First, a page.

4. Colec­cion Ha­banos 2008 LENGTH: 184, RING GAUGE: 54

This Sublimes Ex­tra was re­leased as part of the 2008 Ha­banos Col­lec­tion ‘Book’ se­ries—a new spe­cial re­lease size for Co­hiba that was met with wide­spread ap­proval. And when you get your hands on one, you re­alise that the pack­ag­ing alone is wor­thy of the praise that this cigar has had lay­ered on it. A thou­sand boxes, styled to look like vol­umes of an en­cy­clo­pe­dia, were pro­duced, with each box con­tain­ing 20 cigars, mean­ing it’s still rea­son­ably easy to get hold of one. And this is a good thing— see­ing as the 2008 has aged beau­ti­fully since it was first pro­duced. the over­whelm­ing plea­sure from this cigar is the fact that it pro­duces such big plumes of creamy, tasty smoke—it’s clas­sic Co­hiba at its core and it’s just pleas­ant.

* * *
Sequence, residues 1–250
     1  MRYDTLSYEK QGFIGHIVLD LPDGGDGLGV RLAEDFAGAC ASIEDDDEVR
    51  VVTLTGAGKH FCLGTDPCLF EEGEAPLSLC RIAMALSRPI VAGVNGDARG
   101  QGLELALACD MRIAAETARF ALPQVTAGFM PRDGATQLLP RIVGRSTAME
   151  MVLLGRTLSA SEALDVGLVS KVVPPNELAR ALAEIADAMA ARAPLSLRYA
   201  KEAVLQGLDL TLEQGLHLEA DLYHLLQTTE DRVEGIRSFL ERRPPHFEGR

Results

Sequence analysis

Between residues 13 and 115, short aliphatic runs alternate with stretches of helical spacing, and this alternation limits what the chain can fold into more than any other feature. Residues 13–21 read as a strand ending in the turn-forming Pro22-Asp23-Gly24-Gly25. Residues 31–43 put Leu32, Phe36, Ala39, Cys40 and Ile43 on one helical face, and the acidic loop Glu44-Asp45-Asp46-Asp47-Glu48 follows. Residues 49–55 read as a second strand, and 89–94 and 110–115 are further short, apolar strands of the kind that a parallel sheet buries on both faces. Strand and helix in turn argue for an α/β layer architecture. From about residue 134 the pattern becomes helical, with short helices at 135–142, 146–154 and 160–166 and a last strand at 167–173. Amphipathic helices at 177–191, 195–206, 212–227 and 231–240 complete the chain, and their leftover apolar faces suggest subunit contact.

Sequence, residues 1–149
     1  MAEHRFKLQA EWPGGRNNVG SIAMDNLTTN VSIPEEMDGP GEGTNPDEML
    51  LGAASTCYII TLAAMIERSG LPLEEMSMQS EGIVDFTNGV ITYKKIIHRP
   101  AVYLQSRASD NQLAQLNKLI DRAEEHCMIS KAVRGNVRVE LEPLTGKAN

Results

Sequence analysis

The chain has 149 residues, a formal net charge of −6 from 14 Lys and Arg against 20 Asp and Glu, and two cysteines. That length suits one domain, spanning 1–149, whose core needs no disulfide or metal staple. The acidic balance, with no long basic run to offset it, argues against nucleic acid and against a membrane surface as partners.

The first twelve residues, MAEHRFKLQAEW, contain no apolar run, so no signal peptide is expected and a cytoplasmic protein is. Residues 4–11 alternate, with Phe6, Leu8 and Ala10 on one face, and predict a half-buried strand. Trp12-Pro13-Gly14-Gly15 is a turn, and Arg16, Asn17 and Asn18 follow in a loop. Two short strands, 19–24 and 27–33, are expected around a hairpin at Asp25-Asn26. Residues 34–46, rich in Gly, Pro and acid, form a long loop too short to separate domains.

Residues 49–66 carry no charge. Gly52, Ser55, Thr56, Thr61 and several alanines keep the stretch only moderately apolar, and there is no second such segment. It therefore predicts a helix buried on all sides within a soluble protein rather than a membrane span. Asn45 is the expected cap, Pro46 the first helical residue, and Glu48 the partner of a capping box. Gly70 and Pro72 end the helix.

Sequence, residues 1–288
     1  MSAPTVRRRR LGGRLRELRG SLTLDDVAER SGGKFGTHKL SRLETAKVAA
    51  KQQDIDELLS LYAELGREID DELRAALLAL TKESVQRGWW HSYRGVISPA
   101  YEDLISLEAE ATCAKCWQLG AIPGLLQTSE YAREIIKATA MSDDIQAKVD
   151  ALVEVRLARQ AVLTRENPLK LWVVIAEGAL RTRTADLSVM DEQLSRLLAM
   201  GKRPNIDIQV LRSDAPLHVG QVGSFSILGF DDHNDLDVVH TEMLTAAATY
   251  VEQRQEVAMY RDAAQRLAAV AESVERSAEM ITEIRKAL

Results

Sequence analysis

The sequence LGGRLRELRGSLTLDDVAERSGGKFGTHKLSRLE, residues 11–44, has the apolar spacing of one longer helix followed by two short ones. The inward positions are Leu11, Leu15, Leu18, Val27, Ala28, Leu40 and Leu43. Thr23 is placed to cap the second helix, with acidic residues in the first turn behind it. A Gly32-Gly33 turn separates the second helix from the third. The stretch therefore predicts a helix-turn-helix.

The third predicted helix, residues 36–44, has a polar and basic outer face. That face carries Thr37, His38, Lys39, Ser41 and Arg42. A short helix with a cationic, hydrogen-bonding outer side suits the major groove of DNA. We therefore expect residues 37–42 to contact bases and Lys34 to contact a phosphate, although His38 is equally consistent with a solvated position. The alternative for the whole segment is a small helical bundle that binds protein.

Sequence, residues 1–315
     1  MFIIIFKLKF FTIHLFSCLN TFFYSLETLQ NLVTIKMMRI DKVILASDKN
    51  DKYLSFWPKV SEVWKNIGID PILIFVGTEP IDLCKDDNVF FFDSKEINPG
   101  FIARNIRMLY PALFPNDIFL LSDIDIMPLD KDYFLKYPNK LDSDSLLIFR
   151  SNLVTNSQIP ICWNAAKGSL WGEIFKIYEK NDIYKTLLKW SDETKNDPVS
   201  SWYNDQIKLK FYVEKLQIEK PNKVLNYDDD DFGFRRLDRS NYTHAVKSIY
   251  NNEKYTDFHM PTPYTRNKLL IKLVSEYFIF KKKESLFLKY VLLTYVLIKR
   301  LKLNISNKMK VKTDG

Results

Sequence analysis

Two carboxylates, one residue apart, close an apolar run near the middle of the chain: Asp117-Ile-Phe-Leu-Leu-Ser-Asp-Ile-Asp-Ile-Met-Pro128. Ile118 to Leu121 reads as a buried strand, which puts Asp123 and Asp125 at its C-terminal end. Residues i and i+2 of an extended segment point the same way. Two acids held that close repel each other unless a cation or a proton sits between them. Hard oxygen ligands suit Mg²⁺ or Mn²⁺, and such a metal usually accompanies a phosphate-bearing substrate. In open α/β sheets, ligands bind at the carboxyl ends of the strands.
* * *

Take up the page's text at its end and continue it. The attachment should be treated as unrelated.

This is a good thing, be­cause it’s a good 45 min­utes be­fore you get half-way through the cigar. You hardly no­tice the time slip­ping away as you’re puff­ing on this large stick—you could ac­cuse the flavour pro­file of be­ing bor­ing given this fact, but the point is the whole pack­age is re­ally en­joy­able. Any­way, by the time you’re half-way through, and well into the se­cond third, more of the sweet notes be­come more ob­vi­ous—it’s all honey and sugar, with a re­fresh­ing hint of grass on the fin­ish. Co­coa is also present there, though